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Feeding our schoolchildren

Manila Standard

The House of Representatives deserves commendation for setting aside P15.8 billion in next year’s national budget for school and daycare feeding programs.

The stark reality today is many low-income families are unable to put enough food on the table, with children ending up malnourished and stunted in growth.

This budget, we gathered, will be divided into two: P11.7 billion will be allotted for the Department of Education’s school-based feeding program, while P4.1 billion will be set aside for the Department of Social Welfare and Development’s supplementary feeding program.

The school-based feeding program aims to provide nutritionally balanced meals or food products for 220 days, plus milk for 55 days, to “severely wasted and wasted” or underweight children from Kinder to Grade 6.

This program seeks to fight child hunger that’s been on the increase as borne out by a recent Social Weather Stations survey that found 10.4 percent of Filipino families experiencing at least one involuntary hunger or being hungry and not having anything to eat.

The supplementary feeding program, on the other hand, seeks to supply fortified meals to 2 million preschoolers in public day care centers sponsored by local government units and in supervised neighborhood play groups.

These feeding programs will help alleviate child hunger, improve the nutrition of learners from food-insecure households and prevent pupils-at-risk from dropping out of school.

The feeding programs should be gradually expanded as a component part of the national government’s anti-poverty program.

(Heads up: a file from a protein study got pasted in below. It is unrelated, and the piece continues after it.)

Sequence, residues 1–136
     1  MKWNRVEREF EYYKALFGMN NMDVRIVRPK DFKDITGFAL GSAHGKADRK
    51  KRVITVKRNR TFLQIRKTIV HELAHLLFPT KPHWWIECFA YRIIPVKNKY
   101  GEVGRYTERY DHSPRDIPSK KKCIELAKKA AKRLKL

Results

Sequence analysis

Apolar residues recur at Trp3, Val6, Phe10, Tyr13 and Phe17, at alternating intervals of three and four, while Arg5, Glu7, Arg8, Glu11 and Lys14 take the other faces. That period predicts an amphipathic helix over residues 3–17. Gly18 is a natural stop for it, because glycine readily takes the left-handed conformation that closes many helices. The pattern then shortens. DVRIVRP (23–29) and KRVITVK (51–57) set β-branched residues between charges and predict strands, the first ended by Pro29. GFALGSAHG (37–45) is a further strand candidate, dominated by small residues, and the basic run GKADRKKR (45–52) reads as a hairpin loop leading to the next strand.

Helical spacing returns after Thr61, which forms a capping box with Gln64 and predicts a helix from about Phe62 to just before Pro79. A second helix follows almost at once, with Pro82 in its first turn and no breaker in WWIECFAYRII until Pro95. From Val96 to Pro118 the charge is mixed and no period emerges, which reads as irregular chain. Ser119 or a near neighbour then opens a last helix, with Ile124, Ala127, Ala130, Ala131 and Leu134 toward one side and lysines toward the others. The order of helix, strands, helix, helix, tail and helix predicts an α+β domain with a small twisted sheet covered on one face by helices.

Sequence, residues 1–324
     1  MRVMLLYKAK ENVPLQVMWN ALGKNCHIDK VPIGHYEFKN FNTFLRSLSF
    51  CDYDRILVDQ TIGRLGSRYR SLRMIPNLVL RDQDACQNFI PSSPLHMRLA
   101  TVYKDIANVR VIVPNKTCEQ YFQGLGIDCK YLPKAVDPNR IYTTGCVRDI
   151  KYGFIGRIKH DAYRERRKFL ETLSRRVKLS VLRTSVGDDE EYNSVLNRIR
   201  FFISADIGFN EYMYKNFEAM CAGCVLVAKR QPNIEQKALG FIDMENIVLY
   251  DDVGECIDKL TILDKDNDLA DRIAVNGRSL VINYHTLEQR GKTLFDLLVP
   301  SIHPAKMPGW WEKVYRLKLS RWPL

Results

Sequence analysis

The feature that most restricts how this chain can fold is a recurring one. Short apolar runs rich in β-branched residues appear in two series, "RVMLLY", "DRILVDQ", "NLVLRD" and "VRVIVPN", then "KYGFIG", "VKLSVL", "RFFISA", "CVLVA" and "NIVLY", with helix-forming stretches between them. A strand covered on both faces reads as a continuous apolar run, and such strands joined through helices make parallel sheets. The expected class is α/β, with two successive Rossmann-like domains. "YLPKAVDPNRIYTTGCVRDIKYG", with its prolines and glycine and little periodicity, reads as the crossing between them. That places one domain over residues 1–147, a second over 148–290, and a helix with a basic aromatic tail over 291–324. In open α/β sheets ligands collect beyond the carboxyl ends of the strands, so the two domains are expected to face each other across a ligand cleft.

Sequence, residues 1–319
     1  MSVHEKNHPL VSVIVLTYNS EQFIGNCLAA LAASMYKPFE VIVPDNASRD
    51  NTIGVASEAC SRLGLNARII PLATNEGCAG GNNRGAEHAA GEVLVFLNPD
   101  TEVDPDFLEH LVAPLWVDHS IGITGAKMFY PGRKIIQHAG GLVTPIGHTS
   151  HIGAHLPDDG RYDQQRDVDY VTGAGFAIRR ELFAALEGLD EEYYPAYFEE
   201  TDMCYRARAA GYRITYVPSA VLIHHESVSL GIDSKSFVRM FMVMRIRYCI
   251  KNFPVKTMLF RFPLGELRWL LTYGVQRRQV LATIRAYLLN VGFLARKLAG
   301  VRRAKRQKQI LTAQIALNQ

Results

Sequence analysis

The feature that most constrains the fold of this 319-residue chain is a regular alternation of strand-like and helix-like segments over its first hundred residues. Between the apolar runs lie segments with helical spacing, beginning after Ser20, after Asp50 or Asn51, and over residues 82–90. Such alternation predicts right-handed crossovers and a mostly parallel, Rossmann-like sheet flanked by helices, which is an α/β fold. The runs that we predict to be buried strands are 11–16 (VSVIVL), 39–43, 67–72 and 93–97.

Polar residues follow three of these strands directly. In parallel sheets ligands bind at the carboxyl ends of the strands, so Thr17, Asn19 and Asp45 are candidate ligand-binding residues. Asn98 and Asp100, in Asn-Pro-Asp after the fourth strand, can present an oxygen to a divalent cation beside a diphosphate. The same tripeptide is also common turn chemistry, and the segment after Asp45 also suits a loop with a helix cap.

Improving the nutrition of young learners will help prevent child stunting and help them grow up healthy.

This is an investment in the nation’s future that should be supported by government at both the national and local levels, preferably with the support of non-government organizations and the private sector.

The government can enlist the support of big corporations that can focus on selected schools, for instance, in depressed communities for starters.

Clearly, such an initiative cannot be undertaken by the national government by itself, considering the scope of the problem of hunger and child stunting.

While the P15.8-billion allotment next year for the school and daycare feeding programs is P5 billion or 46 percent bigger than the P10.8 billion for this year, obviously much more funding is needed to make the program achieve its goals.

But the school feeding program is already a big step in the right direction, and should be pursued with even greater vigor in the years ahead.

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